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DeForest Buckner Should Be a Serious NFL DPOY Contender—As the Colts’ Dud on Defense Cemented It

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NFL: Indianapolis Colts at Tennessee Titans Steve Roberts-USA TODAY Sports

Indianapolis Colts All-Pro defensive tackle DeForest Buckner proved his worth again on Sunday—except without even actually playing this time around.

Having been unavailable because he was placed on the Reserve/COVID-19 list, the Colts’ big offseason defensive acquisition was sorely missed against the Tennessee Titans—as the Indianapolis defense resembled nothing like the elite collective unit that fans have been accustomed to seeing largely all season.

The Colts defense was destroyed by another All-Pro, running back Derrick Henry, who rushed for 178 rushing yards on 27 carries (6.6 ypc. avg.) and 3 rushing touchdowns.

The game felt over at halftime, as ‘King Henry’ was gashing the Colts, who had no answer—especially along their defensive front:

On the afternoon, the Colts defense ultimately surrendered 45 total points—as the unit couldn’t stop either Tennessee’s air or ground game—in what was an abysmal performance.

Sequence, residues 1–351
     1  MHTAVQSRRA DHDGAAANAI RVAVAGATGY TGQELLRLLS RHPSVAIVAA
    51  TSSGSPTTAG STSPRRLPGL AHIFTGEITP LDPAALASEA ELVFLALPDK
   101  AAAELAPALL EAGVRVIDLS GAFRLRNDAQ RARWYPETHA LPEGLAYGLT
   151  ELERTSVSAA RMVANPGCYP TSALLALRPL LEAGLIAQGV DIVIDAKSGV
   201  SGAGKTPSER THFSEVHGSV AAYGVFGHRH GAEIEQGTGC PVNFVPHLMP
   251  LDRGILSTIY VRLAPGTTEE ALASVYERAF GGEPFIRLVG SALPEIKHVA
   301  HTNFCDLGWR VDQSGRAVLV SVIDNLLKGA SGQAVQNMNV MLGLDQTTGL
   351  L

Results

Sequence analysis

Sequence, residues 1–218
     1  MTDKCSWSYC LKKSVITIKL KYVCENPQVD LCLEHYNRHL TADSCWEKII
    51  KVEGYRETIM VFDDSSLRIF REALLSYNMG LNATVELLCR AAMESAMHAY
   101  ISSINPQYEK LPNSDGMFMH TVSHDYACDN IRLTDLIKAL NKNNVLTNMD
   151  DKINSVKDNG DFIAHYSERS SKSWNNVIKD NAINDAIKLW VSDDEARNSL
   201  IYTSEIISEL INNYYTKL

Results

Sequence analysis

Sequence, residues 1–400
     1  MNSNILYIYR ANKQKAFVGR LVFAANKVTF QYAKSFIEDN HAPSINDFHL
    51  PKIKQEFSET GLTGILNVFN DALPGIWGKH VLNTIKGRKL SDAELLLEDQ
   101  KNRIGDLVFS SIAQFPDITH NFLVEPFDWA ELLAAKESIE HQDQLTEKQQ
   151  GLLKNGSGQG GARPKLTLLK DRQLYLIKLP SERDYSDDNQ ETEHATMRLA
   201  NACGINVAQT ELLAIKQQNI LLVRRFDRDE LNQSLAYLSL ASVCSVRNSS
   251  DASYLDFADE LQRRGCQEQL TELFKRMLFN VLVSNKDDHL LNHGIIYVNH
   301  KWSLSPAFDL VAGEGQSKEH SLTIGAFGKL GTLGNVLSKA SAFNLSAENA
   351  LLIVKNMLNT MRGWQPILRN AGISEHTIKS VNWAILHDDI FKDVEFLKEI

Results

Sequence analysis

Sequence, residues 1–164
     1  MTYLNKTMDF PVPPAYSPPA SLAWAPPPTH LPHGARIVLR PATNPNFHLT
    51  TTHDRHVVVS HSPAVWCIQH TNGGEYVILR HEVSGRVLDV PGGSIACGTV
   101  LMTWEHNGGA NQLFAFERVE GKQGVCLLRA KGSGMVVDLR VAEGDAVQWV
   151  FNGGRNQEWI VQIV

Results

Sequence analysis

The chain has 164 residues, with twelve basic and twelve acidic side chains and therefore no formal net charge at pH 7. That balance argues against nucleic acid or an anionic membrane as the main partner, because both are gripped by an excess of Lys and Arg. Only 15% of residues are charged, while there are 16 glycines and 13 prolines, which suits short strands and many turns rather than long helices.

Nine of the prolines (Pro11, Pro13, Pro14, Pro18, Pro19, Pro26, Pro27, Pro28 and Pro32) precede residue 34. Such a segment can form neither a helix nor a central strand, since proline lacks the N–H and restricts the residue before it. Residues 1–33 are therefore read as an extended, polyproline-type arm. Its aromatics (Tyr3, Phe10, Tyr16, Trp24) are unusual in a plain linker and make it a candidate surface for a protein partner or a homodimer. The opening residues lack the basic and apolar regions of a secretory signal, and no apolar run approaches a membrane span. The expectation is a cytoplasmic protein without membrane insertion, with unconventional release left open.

This past offseason, the Colts parted with a first round pick to acquire Buckner—while then awarding him with a lucrative 4-year, $84 million contract extension shortly thereafter.

After Sunday, honestly, it felt like it should’ve been a lot more:

The former 7th overall pick of the San Francisco 49ers has been as great as advertised for the Colts in their much improved defensive interior—helping anchor what has been one of the league’s most improved defenses this season.

At 6’7”, 295 pounds, Buckner is a natural fit as a three-technique in the Colts defensive scheme and utilizes his strength, athleticism, quick feet/closing speed, and freakishly long arms (34 3/8”) to disrupt opposing offenses against both the run and passing game—as an overall, well-rounded elite interior defender:

Buckner has 40 tackles (23 solo tackles), 4 tackles for loss, 2.5 sacks, a forced fumble, a fumble recovery, 13 QB hits, and 32 total QB pressures during 10 starts for the Colts defense in his debut campaign in Indianapolis.

Per PFF, Buckner is their 5th highest graded interior defender with a +89.6 grade overall.

While Buckner had been in some national media NFL Defensive Player of the Year conversations earlier in the season, the Colts’ total defensive collapse on Sunday in his absence should’ve cemented him belonging in any and all serious discussions going forward:

Perhaps most importantly, the Colts (now 7-4) need him back on the field as soon as possible—fighting tooth-and-nail for an AFC playoff berth in the last remaining stretch of the NFL’s regular season.